White Paper Directory
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Capital Asset Assessment, Maintenance and Replacement Policy, Commentary on the GFOA Best Practices Part 1.
Commentary on the GFOA Best Practices Part I
In our ongoing mission to assist local governments in the optimization of their capital investments, CIPPlanner™ is continuing to evaluate the recommended best practices adopted by the Government Finance Officers Association (GFOA). This six part analysis will focus on the recently revised Capital Asset Assessment, Maintenance and Replacement Policy. This policy has been reworked by the GFOA just three years after its initial adoption. We see this change as a sign of the rapid evolution of the thought process around Capital Program Management and its growing importance in unifying the planning, financing, and implementation and performance measurements across the governmental enterprise. Specifically the recommended best practice is bringing together the key elements of both the finance and engineering points of view… Read more.
Capital Asset Assessment, Maintenance and Replacement Policy, Commentary on the GFOA Best Practices Part 2.
Commentary on the GFOA Best Practices Part 2
Part 1 of our commentary focused on what information needs to be gathered to facilitate Capital Asset Assessment best practice. This week’s analysis focuses on recommendation number 2 covering condition measures and performance standards. These measures and standards define the meaning of information that is gathered in response to recommendation number 1. Together recommendation one and two create the lens thru which capital policy will be set.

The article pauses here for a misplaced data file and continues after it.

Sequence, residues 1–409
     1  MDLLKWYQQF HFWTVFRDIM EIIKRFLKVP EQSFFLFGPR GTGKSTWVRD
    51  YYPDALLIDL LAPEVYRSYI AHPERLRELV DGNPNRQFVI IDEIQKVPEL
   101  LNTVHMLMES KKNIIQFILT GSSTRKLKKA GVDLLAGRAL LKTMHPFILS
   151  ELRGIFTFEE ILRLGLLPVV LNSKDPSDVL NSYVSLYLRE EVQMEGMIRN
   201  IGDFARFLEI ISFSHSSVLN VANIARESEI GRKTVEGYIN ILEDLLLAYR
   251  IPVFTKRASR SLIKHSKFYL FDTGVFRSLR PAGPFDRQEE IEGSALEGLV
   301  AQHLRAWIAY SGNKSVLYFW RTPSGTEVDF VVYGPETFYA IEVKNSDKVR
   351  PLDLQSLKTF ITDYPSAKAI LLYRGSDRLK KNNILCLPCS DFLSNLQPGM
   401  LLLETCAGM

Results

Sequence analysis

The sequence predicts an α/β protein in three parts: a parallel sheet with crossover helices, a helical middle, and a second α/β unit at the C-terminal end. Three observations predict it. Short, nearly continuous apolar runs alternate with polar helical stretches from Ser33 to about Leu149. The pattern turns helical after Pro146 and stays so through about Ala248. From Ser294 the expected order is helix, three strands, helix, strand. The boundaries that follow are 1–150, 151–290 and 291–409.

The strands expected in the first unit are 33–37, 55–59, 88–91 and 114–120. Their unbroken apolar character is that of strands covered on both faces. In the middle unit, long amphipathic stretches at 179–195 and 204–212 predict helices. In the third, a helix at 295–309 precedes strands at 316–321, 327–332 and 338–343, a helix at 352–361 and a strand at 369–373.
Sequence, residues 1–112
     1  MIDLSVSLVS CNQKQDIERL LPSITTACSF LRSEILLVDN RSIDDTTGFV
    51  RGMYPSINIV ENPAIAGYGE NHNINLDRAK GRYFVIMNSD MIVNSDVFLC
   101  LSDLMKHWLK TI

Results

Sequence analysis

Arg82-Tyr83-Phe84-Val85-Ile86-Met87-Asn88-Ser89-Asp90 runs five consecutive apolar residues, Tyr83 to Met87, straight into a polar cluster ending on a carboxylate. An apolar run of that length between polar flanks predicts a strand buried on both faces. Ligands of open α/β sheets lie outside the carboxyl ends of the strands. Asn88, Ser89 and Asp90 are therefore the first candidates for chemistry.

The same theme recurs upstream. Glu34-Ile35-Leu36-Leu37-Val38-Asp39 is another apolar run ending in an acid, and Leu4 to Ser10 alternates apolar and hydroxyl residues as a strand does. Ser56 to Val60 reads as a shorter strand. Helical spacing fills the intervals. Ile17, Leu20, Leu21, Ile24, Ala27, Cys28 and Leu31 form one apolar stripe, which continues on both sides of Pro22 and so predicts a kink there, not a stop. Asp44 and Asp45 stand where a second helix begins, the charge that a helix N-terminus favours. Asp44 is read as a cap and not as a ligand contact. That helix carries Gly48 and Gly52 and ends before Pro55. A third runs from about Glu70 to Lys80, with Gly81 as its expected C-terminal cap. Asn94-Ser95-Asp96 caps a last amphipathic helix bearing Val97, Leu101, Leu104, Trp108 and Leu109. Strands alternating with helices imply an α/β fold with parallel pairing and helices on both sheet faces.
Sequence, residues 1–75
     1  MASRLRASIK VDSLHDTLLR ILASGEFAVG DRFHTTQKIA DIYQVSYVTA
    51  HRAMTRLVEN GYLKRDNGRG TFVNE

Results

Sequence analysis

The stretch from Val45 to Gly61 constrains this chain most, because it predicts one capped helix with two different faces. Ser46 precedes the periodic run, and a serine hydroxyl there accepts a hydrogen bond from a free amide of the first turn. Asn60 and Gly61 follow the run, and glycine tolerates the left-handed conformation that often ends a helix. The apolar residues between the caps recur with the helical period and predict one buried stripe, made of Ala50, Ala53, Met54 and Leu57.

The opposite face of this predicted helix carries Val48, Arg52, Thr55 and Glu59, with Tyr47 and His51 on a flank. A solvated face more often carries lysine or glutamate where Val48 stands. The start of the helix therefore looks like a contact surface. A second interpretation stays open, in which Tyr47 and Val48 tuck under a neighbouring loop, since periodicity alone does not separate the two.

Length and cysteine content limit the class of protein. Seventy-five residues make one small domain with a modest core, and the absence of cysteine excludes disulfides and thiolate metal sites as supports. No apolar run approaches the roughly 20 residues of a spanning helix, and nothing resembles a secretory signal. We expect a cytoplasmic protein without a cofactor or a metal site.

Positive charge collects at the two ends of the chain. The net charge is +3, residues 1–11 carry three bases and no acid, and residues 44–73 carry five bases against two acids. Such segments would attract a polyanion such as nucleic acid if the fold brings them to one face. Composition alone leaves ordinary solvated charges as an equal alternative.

2. Establishing condition/functional performance standards to be maintained for each type of capital assets. The condition measures and related standards should be understandable and reliable. Such standards may be dictated by mandated safety requirements, federal, state, or provincial funding requirements or applicable engineering and other professional standards,2 including available software models. Use these standards and a current condition assessment as a basis for multi-year capital planning and annual budget funding allocations for capital asset maintenance and replacement… Read more.
Capital Asset Assessment, Maintenance and Replacement Policy, Commentary on the GFOA Best Practices Part 3.
Commentary on the GFOA Best Practices Part 3
Recommendation 3 of the GFOA centers on what we call capital project prioritization and filtering. By prioritization we mean ranking the projects to reflect the empirical, financial and political dimensions that we discussed last week. However this section makes a number of specific recommendations that we will respond to on a line by line basis.
- Evaluating existing assets to determine if they still provide the most appropriate method to deliver
Service applicability should consider a triple bottom line approach of (1) functional ability to meet current needs, (2) physical ability to meet need and (3) consequence of failure. As an example, a utility line that has been in service for many years may not provide the capacity needed for current conditions; it could be degraded below its original capacity and could be in proximity to interrupt other services if it failed. We find that much of this information exists in an organization’s asset management and GIS systems; however it is not consistently applied to the Capital Program Management process…. Read more.
Capital Asset Assessment, Maintenance and Replacement Policy, Commentary on the GFOA Best Practices Part 4.